First coral rearing Kreisel is up and running!

Coral rearing activities in KML's Wet Lab

The new coral recruits will be used in various experiments to study algal symbiont uptake and selectivity both in the field and at the University of Miami coral nursery.

Divers setting out tiles with newly-settled coral recruits
Spectacular sunset from Cheeca Rocks

The evolution and development of polyclad flatworms

The tiger flatworm, Maritigrella crozieri on the ascidian Ecteinascidia turbinata.

A team of researchers from University College London (Professor Max Telford, Dr Kate Rawlinson, Fraser Simpson), University of North Florida (Kevin Olsen) and Cambridge University (Dr Andrew Gillis) are staying at KML for a month. They are collecting embryos and hatchlings of the tiger flatworm Maritigrella crozieri. This beautiful worm is abundant in the Florida Keys, and is commonly found in association with its favorite food item – the mangrove ascidian Ecteinascidia turbinata.

Andrew examining Ecteinascidia turbinata on the mangrove roots.

Fieldwork involves the collection of sexually mature worms from clumps of Ecteinascidia by snorkeling and kayaking in mangrove creeks. These worms are then brought back to the lab, where their eggs and larval stages are preserved for future genetic analysis.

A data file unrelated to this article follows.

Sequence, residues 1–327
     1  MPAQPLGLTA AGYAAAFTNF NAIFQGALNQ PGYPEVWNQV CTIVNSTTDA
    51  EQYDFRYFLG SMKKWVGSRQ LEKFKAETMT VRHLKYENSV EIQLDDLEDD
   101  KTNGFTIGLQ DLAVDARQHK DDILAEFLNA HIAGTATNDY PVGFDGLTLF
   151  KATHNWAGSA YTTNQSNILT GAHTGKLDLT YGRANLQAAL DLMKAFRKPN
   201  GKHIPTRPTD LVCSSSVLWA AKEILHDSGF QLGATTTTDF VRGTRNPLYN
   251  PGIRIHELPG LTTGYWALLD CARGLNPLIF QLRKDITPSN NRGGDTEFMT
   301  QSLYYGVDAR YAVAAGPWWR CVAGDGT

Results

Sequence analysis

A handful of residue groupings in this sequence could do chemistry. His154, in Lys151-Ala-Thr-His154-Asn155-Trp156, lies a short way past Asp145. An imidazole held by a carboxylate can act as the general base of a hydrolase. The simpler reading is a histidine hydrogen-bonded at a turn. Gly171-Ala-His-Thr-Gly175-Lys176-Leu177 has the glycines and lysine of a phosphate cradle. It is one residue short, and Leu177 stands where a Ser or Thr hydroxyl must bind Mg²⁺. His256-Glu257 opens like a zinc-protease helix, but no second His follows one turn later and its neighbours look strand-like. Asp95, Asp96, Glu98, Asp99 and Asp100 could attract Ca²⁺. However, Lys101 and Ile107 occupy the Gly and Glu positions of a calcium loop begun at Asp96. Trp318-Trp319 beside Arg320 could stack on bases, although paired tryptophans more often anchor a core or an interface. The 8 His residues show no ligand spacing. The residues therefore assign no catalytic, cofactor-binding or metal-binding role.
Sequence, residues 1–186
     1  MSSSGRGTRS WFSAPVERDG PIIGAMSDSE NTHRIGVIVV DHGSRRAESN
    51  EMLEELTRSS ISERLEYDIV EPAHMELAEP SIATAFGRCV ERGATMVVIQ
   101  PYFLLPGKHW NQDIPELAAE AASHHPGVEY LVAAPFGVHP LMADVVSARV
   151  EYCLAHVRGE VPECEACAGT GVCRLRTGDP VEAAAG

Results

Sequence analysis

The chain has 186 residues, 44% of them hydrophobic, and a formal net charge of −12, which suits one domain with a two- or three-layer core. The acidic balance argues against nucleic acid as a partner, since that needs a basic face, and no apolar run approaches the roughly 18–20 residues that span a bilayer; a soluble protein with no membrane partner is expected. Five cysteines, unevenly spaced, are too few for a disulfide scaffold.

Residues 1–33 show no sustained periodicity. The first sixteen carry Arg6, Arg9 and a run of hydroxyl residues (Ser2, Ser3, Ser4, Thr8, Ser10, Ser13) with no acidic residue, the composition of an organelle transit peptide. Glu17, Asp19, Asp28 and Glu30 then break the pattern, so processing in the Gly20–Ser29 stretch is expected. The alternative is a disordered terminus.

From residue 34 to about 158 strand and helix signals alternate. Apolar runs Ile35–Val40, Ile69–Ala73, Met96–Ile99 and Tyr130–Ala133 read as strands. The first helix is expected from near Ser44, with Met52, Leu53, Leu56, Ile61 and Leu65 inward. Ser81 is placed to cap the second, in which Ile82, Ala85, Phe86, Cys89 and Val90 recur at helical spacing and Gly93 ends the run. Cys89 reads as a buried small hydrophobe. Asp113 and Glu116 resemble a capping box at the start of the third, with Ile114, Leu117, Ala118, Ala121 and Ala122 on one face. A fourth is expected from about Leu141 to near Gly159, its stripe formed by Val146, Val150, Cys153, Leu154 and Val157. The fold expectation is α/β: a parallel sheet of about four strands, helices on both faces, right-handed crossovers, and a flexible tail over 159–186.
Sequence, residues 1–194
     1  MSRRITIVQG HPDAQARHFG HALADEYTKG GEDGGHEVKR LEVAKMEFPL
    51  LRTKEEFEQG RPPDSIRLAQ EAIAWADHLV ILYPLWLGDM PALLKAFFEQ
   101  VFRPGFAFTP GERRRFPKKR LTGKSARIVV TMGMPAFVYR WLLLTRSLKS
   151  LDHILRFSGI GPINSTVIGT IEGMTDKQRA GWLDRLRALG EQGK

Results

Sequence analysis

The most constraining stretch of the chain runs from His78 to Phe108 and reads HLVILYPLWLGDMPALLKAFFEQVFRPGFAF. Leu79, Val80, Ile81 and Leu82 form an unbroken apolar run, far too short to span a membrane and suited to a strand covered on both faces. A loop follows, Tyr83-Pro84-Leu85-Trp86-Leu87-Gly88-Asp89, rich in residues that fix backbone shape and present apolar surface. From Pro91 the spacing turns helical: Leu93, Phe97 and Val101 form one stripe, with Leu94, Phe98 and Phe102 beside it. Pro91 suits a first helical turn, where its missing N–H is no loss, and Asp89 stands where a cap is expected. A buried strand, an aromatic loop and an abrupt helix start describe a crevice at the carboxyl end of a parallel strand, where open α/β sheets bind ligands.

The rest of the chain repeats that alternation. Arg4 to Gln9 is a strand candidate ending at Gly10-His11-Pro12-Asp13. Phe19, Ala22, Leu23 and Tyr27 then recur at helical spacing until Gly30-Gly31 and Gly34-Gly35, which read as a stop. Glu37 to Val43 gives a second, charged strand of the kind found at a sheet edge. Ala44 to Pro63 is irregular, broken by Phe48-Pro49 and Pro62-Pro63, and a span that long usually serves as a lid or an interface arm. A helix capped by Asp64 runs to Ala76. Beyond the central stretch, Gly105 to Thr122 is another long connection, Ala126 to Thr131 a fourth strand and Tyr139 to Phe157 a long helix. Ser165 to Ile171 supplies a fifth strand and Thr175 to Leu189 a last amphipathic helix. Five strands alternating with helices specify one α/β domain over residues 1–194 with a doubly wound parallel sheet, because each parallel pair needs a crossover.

Kevin diligently cleaning an aquarium of Maritigrella crozieri in KML's Common Dry Lab.

This material will be used as part of a long-term study to better understand how different marine invertebrates develop from a single cell to an adult, often via a series of seemingly very different developmental stages.The team, pictured here enjoying cold drinks from the Midway Café after a hot morning in the mangroves of Tavernier Key. From left to right; Kevin Olsen, Fraser Simpson, Kate Rawlinson and Andrew Gillis.

The role of predation on survivorship of coral recruits

Mike Evans, Masters candidate at SUNY Buffalo with Dr. Howard Lasker, has been at KML since early May. He is studying the role of predation on coral recruit survivorship of the gorgonian coral, Briarium asbestinum, and the scleractinian coral, Porites asteroides.

While grazing rarely results in mortality of adult coral, predation on single polyp recruits would presumably kill those individuals, with the potential to impact the abundance of adult colonies.
To assess the effect of predation on recruit survivorship, newly-settled polyps of each species were placed at East Turtle Shoals in one of 5 treatments that excluded different combinations of known coral predators.Hardware cloth cages which totally or partially enclosed settled recruits